Collaboratives typically obtain their funding from three types of sources:
- Membership “Dues.” Regional Health Improvement Collaboratives rely on annual financial contributions from the healthcare stakeholders in the community. These types of payments are critical because they provide flexible funding to pursue the priorities of the Collaborative (rather than being restricted to particular programs) but even more importantly reflect the commitment and meaningful involvement of local stakeholders.
- Grants. In addition to membership dues, most Regional Health Improvement Collaboratives rely on grants from foundations and government agencies to support their programs. In some cases, Collaboratives may receive unrestricted operating grants from foundations which can be used to fund general operations, particularly in the early years of their existence, but more typically, foundation grants will be restricted to use for specific projects and time-limited activities.
- Fees for Services. Some Regional Health Improvement Collaboratives provide specific services to healthcare providers, employers, state agencies or others for which they charge a fee. For example, some Collaboratives provide technical assistance or coaching to healthcare providers to help them improve their quality of care, or offer reports and analytic support to employers seeking to understand health care trends and costs.
Most Regional Health Improvement Collaboratives lead or participate in federal programs including serving as the Hospital Engagement Network (HEN), Regional Extension Center (REC), Quality Improvement Organization (QIO), Qualified Entity (QE) or partnering in the State Innovation Model (SIM) awards or Medicare Advanced Primary Care Practice (MAPCP) pilots. Despite the key role that Regional Health Improvement Collaboratives can play in ensuring the success of federal healthcare reforms in local communities, there is currently no federal funding program that provides support for the administrative operations of Regional Health Improvement Collaboratives. Although the Department of Health and Human Services (HHS) and the Agency for Healthcare Research and Quality (AHRQ) promoted the creation of multi-stakeholder collaboratives through the Chartered Value Exchange (CVE) program, they do not provide any funding for general operating support of Regional Health Improvement Collaboratives. The Beacon Communities Program, which was established through the Office of the National Coordinator for Health Information Technology at HHS, provided significant funding to a number of communities for multi-stakeholder healthcare improvement activities, but since the funding came through the 2009 American Recovery and Reinvestment Act, it was explicitly a time-limited program.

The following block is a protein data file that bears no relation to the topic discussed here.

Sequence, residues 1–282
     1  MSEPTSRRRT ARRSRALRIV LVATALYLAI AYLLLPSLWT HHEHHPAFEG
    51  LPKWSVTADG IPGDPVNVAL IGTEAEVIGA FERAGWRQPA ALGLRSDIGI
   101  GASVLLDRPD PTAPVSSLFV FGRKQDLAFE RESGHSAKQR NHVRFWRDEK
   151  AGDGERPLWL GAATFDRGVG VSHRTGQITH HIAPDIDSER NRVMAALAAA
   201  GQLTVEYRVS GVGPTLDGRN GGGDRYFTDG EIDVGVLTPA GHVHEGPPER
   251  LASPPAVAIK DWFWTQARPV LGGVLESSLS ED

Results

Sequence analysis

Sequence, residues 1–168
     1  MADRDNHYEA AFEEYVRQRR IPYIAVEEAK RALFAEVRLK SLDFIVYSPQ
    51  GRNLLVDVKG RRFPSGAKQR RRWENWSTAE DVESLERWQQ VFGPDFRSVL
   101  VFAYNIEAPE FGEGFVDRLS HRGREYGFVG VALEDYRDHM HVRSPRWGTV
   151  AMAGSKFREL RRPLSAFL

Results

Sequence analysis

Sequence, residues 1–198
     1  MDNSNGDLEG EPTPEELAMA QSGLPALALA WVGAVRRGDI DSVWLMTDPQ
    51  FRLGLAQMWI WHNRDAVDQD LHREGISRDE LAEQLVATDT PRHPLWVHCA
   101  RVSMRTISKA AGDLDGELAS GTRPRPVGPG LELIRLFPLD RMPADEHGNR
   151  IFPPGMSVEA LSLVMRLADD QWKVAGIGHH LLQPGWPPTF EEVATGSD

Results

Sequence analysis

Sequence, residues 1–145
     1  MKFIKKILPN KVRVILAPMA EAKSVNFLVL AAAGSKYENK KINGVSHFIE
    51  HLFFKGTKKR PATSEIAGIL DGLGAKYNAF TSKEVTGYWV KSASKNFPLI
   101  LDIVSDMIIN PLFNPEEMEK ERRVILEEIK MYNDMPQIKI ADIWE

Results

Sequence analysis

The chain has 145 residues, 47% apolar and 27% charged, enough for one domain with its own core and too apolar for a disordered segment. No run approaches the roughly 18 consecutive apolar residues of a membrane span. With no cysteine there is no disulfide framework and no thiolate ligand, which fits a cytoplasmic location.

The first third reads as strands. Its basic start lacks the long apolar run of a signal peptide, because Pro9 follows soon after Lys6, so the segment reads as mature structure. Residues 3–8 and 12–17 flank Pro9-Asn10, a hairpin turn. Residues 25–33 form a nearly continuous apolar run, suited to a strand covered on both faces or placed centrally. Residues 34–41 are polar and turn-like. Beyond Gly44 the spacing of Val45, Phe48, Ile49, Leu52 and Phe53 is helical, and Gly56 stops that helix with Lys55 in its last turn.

In the years ahead, it will be critical for Regional Health Improvement Collaboratives to have adequate resources both to maintain their current programs and to address the increasing demands being placed on them and their local members by healthcare reform efforts. Although program-specific funding is desirable, unrestricted funding is essential to support the core operations of the Collaborative and to provide the flexibility to pursue new opportunities in innovative ways- the true strength of the Collaborative. In addition, if Collaboratives are to remain truly multi-stakeholder, community-based organizations, those resources will need to come from all stakeholders in their communities, as well as from state and federal government sources. This is why obtaining funding to support the work of Regional Health Improvement Collaboratives is one of the top advocacy priorities for NRHI members.